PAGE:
• Those undergoing severe alcohol withdrawal syndrome, from long term heavy drinking, or alcohol related liver disease, with resultant highly variable levels of neurotransmitters.
  • Those who may have moderate drinking patterns, but who suddenly stop drinking without medical supervision.

Remedies For Brain Zaps

To prevent or avoid brain zap episodes, consider certain remedial actions.

Control Anxiety Levels

Studies have shown that anxiety causes brain zaps [8].

Anxiety is one of the common causes of brain zaps after alcohol and medication-induced brain zaps [8].

Alcohol withdrawal causes stress and anxiety, which may exacerbate brain zaps [15].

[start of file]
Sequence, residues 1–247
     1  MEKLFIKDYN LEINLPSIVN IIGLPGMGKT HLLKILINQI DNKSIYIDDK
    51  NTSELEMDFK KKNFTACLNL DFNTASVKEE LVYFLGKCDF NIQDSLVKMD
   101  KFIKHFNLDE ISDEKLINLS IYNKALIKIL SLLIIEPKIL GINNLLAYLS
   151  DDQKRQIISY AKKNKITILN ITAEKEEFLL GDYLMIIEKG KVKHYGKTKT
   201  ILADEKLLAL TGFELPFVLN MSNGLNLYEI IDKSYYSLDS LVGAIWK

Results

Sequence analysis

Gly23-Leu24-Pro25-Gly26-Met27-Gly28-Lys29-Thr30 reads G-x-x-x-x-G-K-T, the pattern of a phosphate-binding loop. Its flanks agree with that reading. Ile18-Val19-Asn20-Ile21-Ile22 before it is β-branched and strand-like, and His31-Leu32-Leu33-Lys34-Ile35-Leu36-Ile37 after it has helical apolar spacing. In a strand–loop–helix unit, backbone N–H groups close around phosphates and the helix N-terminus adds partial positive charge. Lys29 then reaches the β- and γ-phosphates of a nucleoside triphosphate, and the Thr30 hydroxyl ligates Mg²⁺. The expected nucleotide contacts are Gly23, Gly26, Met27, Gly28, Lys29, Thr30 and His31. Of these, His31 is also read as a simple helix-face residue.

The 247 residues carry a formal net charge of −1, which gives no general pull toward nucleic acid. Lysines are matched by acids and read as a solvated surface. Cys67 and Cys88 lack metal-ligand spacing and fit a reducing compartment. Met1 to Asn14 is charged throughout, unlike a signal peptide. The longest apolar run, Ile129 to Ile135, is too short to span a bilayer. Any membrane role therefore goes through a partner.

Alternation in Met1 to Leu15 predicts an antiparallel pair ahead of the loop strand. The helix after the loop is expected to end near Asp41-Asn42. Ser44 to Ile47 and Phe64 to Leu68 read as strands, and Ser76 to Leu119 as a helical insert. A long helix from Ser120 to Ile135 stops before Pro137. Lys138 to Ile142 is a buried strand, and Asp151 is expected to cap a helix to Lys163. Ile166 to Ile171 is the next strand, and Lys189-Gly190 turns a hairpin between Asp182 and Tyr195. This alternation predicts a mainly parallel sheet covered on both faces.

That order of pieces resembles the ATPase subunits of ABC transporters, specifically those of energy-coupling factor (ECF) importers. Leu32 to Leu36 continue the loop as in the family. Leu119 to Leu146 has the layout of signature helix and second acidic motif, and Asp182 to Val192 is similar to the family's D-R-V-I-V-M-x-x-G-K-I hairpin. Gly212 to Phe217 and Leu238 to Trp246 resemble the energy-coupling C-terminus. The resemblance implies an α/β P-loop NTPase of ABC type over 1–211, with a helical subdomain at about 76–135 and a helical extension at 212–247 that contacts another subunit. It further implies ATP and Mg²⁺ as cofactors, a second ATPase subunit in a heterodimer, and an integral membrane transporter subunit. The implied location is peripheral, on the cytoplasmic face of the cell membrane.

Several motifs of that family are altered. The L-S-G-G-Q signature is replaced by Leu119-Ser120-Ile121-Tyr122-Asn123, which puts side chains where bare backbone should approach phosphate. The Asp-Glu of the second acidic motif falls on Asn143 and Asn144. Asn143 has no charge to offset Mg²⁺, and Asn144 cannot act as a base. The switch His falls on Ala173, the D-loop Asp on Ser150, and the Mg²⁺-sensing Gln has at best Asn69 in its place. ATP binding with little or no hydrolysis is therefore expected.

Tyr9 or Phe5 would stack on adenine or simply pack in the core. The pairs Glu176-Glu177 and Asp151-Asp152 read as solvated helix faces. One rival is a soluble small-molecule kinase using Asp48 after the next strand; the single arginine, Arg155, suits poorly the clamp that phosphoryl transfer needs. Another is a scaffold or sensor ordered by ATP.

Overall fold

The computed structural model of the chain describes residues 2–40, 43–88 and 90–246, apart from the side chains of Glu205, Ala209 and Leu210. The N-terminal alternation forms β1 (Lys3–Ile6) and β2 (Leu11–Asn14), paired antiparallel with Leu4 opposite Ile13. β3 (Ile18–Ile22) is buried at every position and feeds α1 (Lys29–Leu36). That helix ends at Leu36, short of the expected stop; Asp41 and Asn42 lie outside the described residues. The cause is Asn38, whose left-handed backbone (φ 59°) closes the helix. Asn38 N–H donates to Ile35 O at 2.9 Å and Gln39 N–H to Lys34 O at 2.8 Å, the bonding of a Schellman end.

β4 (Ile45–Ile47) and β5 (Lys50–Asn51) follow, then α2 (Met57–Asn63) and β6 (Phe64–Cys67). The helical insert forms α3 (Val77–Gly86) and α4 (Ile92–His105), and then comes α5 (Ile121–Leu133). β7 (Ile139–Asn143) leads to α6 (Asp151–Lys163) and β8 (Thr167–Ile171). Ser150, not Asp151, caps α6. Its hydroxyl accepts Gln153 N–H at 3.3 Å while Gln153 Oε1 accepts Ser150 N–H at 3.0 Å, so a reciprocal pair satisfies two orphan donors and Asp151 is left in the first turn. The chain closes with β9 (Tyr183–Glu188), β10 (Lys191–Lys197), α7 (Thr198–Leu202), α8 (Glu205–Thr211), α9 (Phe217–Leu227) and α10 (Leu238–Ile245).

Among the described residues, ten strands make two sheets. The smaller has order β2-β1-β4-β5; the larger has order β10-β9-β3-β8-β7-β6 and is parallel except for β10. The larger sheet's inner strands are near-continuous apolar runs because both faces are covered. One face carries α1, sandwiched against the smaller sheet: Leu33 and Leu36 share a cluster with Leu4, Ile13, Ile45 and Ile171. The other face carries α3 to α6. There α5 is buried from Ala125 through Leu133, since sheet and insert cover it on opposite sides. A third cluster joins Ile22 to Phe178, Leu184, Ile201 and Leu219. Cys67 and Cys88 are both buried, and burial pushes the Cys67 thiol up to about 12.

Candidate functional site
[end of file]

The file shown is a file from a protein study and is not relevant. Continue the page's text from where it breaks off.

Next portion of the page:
Individuals with brain shivers notice that the frequency of the condition increases during periods of high-stress [18].

Managing stress and staying away from activities causing anxiety are important to prevent or treat brain zaps.

Performing activities that relieve stress while undergoing alcohol withdrawal may reduce the frequency of brain zap episodes.

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Taper Off Alcohol And Medications Slowly

The best way to prevent or reduce the effects of brain zaps is to gradually stop drinking alcohol or consuming medications, with professional help, instead of stopping abruptly.

However, evidence indicates that slowly quitting alcohol does not guarantee a person avoids experiencing brain zaps and other symptoms of withdrawal syndrome [13].